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Tuesday 30 July 2019 9:00am

Hydrography students and staff beside the RV Tangaroa 2019

On Monday morning hydrographic surveying students and staff from Te Kura Kairūri – The National School of Surveying and Te Tari Pūtaiao Taimoana – Department of Marine Science visited the Taihoro Nukurangi – National Institute of Water and Atmospheric (NIWA) Research Vessel RV Tangaroa. The boat was in town to support the James Cameron – Challenging The Deep Exhibition currently running at Otago Museum.

We were given an excellent tour of the ship, which is New Zealand's only ice-strengthened and dynamically positioned deep-water research vessel. Of particular interest was the equipment and applications we have been learning about in class, including; multibeam echosounding, motion sensing and precise offset measurement, underwater positioning using USBL, seabed sampling with grabs and cores, watercolumn CTD measurements.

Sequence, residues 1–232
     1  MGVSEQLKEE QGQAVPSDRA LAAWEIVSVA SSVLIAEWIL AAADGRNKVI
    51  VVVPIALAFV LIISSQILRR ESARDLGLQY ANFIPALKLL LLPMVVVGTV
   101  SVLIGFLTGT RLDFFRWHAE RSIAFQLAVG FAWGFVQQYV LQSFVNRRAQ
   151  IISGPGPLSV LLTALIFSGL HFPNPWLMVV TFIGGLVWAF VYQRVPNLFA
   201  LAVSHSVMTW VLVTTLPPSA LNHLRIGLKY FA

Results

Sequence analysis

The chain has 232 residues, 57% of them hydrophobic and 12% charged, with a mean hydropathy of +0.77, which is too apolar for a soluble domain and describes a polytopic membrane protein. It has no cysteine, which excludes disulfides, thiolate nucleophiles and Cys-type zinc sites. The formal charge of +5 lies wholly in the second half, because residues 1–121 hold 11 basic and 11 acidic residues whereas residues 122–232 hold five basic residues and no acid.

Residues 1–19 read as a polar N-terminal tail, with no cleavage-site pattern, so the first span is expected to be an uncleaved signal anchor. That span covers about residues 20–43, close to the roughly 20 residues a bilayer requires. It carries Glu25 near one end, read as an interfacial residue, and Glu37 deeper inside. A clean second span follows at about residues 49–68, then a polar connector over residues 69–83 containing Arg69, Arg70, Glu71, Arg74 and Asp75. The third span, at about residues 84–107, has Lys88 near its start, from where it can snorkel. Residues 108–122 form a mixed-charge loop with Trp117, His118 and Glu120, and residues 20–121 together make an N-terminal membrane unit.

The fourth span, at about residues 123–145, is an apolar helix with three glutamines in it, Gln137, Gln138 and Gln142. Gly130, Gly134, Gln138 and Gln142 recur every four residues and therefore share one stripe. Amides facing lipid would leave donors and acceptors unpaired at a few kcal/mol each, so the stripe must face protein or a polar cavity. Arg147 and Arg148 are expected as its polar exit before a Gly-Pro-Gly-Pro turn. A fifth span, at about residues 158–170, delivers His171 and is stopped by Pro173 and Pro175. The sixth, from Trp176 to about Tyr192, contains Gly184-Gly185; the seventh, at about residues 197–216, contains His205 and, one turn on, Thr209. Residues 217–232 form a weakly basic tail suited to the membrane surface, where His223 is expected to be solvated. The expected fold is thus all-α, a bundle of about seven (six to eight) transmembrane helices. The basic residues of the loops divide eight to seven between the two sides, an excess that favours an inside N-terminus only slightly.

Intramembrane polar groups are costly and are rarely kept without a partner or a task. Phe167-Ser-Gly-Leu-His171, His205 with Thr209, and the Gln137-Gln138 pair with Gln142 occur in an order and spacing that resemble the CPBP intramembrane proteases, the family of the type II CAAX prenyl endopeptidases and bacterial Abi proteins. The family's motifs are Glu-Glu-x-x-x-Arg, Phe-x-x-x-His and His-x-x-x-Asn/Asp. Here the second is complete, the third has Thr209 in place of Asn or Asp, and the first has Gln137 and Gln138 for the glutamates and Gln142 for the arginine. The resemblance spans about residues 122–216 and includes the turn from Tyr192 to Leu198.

Further information about the vessel can be found at NIWA.

Most of these students are currently taking the advanced hydrographic surveying paper SURV452 – Hydrographic Surveying 2 which covers:

  • The fundamentals of acoustics
  • Multibeam sonar systems
  • Motion compensation
  • Side scan sonar methods
  • LiDAR bathymetry
  • Acoustic positioning
  • Calibration
  • Reporting
  • Charting and error analysis
  • Electronic navigation charts.

For more information on SURV452 – Hydrographic Surveying 2.

Hydrographic surveying is one of the research themes at Te Kura Kairūri – The National School of Surveying, where we use similar equipment to that onboard the RV Tangaroa.
More information on our research can be found on our page – Hydrographic Surveying.

Our final-year students are in the process of applying for jobs when they finish studying in October this year – and some hope to end up working as hydrographers onboard vessels like the RV Tangaroa in the future, so it was also a valuable insight into the onboard living environment of a large sea-going vessel.

Thank you to Greg and the team for having us onboard!

Hydrography students and staff on the bridge of the Tangaroa 2019

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